We investigate the coverage of Microsoft Academic (MA) just over a year after its re-launch. First, we provide a detailed comparison for the first author’s record across the four major data sources: Google Scholar (GS), MA, Scopus and Web of Science (WoS) and show that for the most important academic publications, journal articles and books, GS and MA display very similar publication and citation coverage, leaving both Scopus and WoS far behind, especially in terms of citation counts. A second, large scale, comparison for 145 academics across the five main disciplinary areas confirms that citation coverage for GS and MA is quite similar for four of the five disciplines. MA citation coverage in the Humanities is still substantially lower than GS coverage, reflecting MA’s lower coverage of non-journal publications. However, we shouldn’t forget that MA coverage for the Humanities still dwarfs coverage for this discipline in Scopus and WoS. It would be desirable for other researchers to verify our findings with different samples before drawing a definitive conclusion about MA coverage. However, based on our current findings we suggest that, only one year after its re-launch, MA is rapidly become the data source of choice; it appears to be combining the comprehensive coverage across disciplines, displayed by GS, with the more structured approach to data presentation, typical of Scopus and WoS. The Phoenix seems to be ready to leave the nest, all set to start its life into an adulthood of research evaluation.
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Half of the academics in our sample had created a GS profile. This varied from one third for the Life Sciences, to half for the Humanities and the Sciences, and two thirds for the Social Sciences and Engineering.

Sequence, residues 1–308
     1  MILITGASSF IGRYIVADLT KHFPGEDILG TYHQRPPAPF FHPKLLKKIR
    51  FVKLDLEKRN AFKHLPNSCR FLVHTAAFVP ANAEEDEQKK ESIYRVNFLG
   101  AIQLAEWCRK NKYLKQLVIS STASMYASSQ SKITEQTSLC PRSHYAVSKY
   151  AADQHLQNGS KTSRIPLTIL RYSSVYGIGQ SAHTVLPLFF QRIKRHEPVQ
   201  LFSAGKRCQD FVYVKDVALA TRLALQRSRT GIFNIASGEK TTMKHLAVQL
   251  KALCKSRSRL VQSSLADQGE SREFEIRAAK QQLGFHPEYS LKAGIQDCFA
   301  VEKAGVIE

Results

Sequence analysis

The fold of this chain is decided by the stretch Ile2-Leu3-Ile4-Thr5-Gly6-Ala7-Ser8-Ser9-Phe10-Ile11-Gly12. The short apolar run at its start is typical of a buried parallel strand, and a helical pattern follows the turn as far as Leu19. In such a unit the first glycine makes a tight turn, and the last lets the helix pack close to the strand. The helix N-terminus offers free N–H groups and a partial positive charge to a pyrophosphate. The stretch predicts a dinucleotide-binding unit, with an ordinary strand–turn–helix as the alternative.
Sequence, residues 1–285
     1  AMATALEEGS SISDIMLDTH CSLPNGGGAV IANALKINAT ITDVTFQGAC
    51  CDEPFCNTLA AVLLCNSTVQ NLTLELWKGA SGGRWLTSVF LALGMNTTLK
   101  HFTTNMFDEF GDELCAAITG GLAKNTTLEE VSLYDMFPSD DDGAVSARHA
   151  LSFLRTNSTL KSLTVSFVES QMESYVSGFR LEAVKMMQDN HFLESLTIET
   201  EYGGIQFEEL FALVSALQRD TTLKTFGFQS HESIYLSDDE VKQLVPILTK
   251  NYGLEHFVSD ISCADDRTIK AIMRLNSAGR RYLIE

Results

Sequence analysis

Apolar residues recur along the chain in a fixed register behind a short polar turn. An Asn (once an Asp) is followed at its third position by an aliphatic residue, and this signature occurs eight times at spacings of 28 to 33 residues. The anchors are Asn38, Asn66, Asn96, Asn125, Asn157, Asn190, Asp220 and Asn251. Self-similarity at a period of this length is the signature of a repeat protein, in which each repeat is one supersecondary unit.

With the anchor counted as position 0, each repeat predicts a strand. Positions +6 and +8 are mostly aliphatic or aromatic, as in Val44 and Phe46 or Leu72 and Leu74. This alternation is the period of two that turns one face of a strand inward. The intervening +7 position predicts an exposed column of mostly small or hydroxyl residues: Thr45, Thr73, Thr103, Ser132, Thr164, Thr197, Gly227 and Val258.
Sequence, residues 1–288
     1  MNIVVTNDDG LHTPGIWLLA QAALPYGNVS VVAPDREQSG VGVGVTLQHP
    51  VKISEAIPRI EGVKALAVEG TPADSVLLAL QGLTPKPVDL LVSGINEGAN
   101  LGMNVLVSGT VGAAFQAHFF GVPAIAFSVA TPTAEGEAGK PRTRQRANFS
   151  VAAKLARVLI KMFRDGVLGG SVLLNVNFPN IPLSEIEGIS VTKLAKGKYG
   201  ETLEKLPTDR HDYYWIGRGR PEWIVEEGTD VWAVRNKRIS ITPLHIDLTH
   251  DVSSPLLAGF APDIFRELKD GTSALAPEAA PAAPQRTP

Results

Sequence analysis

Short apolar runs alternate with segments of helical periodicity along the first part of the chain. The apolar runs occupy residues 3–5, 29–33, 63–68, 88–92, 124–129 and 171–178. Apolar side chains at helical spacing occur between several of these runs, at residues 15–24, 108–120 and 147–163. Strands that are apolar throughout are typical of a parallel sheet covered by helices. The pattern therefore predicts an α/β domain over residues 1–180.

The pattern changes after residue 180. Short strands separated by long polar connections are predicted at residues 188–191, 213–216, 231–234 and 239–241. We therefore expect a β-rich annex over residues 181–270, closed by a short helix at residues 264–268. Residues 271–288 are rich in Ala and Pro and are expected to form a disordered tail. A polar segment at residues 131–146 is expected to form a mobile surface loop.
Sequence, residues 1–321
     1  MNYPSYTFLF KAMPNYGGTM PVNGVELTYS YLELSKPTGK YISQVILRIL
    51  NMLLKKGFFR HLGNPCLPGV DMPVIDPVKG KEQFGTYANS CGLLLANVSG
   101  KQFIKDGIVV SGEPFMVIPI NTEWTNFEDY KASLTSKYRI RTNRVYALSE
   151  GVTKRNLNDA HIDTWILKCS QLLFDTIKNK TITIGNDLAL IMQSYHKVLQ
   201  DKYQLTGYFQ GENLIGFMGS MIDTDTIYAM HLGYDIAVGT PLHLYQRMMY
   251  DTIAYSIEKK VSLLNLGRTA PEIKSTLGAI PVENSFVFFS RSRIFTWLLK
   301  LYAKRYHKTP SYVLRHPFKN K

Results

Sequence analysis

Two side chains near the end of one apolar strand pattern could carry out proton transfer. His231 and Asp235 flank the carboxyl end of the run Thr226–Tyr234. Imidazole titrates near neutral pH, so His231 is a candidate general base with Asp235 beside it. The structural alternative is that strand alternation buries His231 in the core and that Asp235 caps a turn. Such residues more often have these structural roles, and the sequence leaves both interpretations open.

We used the basic/general search option for WoS and Scopus rather than the “cited reference search”. The five key reasons for this choice are detailed in Harzing (2013). Briefly, both WoS and Scopus have more stray citations than either GS or MA, their cited reference search is very time-consuming and unwieldy to use, and it doesn’t allow merging, sorting, exporting, or any further analysis of the data.
Obviously one could argue that this is in fact the correct publication year; it is the year the publication first became available.
Consultation with the MA team suggests that the earlier (November 2016) citation counts for the Life Sciences and Sciences were likely to have been inflated, because of parsing errors for titles with chemical compounds, DNA, protein names or non-Roman characters. These errors, now largely addressed with improved paper-matching algorithms, meant that these papers and their citations were double-counted. Our subsequent detailed analysis of citation levels for academics in (Life) Sciences indeed showed that those sub-disciplines likely to contain problematic titles, such as Biochemistry, Genetics, Microbiology, Neuroscience, and Pathology showed a decline in citations, whereas those in Audiology, Mathematics, Physics, Population Health, Veterinary Science, and Zoology showed increases. In general though, citation counts in the Life Sciences, and to a lesser extent the Sciences, are likely to be closer to GS counts as these disciplines have fewer non-journal publications.
The PoP GS Profile search doesn’t suffer from this same problem, but as indicated above only half of the academics in our sample and only one third of the Life Science academics had created a profile.
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Harzing, A., Alakangas, S. Microsoft Academic is one year old: the Phoenix is ready to leave the nest. Scientometrics 112, 1887–1894 (2017). https://doi.org/10.1007/s11192-017-2454-3